Closing the deal and going through contracts and paperwork is just as busy as the selling process, but you are nearly there.
So, here are a few more things you need to do before you are all sorted and your property is fully sold over to a new owner.
Open escrow and order title.
First things first, your agent or transaction coordinator will open escrow and order a title policy for you. You need to write down the contact information for the closing agent, and then check your calendar and select a date to close. Base this on when the buyer's loan will be funded. Be sure to ask for a receipt for the buyer's earnest money deposit and option fee if they have paid one.
Schedule an appraisal.
You need to set up and schedule an appraisal. Ensure that you clean the house the day before the appraiser arrives. If you end up receiving a low appraisal, ask your agent about alternatives.
You will not generally be entitled to receive a copy of the appraisal, as you did not pay for it. However, if the buyer does decide to cancel the contract based on an appraisal, you should then ask your lawyer or agent about your rights. Be aware that they will need an appraisal contingency in the contract to pull out.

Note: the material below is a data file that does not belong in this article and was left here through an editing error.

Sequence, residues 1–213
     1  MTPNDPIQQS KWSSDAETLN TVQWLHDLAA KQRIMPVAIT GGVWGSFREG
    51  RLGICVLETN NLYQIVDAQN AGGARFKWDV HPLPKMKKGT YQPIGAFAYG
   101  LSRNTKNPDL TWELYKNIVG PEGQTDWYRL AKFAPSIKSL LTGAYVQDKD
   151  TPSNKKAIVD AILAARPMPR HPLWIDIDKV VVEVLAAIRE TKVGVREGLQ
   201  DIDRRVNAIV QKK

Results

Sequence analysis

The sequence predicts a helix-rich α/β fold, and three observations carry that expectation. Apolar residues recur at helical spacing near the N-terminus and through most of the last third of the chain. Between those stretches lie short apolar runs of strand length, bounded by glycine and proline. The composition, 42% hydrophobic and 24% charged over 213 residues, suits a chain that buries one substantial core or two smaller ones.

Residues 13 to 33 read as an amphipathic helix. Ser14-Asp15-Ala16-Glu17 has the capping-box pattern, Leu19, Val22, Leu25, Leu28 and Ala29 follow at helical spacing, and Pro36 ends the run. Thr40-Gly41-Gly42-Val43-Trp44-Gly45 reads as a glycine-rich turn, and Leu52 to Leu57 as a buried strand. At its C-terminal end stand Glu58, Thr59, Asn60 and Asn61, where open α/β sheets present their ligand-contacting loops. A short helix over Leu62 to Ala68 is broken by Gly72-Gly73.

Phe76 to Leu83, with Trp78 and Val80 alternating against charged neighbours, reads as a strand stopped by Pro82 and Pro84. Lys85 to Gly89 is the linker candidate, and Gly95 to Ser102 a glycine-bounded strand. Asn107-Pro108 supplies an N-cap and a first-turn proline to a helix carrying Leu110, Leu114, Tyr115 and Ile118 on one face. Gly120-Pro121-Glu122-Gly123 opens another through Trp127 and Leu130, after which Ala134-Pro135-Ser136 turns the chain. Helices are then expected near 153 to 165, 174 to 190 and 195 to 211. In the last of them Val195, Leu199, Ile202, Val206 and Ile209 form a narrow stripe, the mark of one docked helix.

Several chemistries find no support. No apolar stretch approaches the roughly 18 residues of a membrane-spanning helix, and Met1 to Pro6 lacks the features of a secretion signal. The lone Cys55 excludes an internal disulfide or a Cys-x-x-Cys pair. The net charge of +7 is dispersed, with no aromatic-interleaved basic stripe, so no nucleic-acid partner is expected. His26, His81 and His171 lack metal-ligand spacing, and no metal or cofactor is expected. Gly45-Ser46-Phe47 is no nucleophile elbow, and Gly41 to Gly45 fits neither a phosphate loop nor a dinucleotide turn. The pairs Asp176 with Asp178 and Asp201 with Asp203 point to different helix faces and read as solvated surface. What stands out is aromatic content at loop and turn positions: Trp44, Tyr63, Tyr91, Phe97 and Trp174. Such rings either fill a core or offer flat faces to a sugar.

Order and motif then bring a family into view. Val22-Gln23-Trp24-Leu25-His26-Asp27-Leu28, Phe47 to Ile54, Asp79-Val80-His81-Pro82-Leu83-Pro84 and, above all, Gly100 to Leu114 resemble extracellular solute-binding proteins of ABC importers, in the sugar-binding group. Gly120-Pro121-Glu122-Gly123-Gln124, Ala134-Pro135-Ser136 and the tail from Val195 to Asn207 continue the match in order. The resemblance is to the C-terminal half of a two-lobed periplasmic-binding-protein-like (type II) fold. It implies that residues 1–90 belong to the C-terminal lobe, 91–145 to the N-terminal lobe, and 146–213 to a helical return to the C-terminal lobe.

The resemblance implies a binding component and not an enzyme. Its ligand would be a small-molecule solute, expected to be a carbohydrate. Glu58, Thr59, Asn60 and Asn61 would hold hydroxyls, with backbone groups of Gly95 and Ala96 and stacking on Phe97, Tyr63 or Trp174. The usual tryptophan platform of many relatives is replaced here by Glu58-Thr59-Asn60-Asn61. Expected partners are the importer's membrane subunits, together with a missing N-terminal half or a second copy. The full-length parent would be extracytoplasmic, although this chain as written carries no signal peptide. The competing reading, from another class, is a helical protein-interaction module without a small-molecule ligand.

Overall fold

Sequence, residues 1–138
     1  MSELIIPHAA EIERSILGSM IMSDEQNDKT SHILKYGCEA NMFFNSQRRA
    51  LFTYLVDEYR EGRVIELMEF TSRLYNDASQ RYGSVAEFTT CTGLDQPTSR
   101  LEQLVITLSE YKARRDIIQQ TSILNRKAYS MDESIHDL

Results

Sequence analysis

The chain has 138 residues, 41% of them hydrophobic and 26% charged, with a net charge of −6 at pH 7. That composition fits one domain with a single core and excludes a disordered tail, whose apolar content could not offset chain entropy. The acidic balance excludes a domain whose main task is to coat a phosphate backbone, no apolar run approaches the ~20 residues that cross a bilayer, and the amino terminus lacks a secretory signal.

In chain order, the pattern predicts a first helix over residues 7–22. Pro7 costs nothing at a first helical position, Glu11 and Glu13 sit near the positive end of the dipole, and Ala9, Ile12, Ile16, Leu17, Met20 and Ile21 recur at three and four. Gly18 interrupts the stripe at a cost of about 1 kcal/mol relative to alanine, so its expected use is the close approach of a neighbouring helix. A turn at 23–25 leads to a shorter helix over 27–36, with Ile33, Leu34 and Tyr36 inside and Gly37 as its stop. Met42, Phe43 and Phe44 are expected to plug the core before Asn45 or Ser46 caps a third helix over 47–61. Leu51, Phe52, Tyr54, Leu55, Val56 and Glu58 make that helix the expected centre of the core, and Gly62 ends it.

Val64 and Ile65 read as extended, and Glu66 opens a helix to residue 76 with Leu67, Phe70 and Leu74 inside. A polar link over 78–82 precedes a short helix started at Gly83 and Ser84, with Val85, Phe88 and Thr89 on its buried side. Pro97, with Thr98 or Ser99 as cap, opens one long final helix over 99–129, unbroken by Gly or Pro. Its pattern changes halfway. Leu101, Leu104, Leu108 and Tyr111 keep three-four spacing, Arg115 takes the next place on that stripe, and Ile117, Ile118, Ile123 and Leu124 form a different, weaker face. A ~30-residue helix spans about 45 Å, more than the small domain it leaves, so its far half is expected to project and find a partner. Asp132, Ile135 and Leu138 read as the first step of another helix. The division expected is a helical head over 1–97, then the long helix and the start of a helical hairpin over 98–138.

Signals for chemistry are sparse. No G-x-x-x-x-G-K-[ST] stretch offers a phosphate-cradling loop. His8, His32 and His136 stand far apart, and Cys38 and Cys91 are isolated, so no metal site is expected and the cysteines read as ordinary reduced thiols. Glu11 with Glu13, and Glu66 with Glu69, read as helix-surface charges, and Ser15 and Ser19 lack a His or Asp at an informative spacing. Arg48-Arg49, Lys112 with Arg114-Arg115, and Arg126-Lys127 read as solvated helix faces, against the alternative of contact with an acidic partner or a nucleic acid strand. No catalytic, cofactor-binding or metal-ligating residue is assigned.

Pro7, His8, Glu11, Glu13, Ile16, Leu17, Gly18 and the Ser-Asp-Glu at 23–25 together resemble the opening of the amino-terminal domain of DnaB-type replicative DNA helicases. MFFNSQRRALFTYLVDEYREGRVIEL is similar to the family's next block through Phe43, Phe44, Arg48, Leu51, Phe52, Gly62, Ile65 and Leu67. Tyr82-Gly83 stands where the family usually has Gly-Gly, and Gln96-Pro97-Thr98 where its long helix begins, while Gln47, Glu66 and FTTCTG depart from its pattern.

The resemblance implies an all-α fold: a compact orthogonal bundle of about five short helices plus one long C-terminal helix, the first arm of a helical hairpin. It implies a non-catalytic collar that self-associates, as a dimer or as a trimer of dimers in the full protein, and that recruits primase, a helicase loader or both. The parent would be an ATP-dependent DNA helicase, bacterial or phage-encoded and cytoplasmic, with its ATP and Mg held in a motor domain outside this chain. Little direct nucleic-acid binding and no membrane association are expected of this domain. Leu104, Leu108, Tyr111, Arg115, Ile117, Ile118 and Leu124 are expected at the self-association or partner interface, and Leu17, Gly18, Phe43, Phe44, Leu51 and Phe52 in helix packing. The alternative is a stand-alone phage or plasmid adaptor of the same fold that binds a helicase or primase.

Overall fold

Cooperate with home inspection.
Be ready for a home inspector. You should ask your agent to provide you with a home inspection checklist so that you will have an idea of what the inspector would like to see. Always prepare the attic and basement for inspection as well and be sure to move items away from the walls in the garage as well, ensuring there is a clear path for the inspector.
There is also a chance that your contract will call for a roof certification, if this is the case then hire a reputable company to conduct this. Be in mind that states that allow termite or pest inspections will make these things a matter of public record.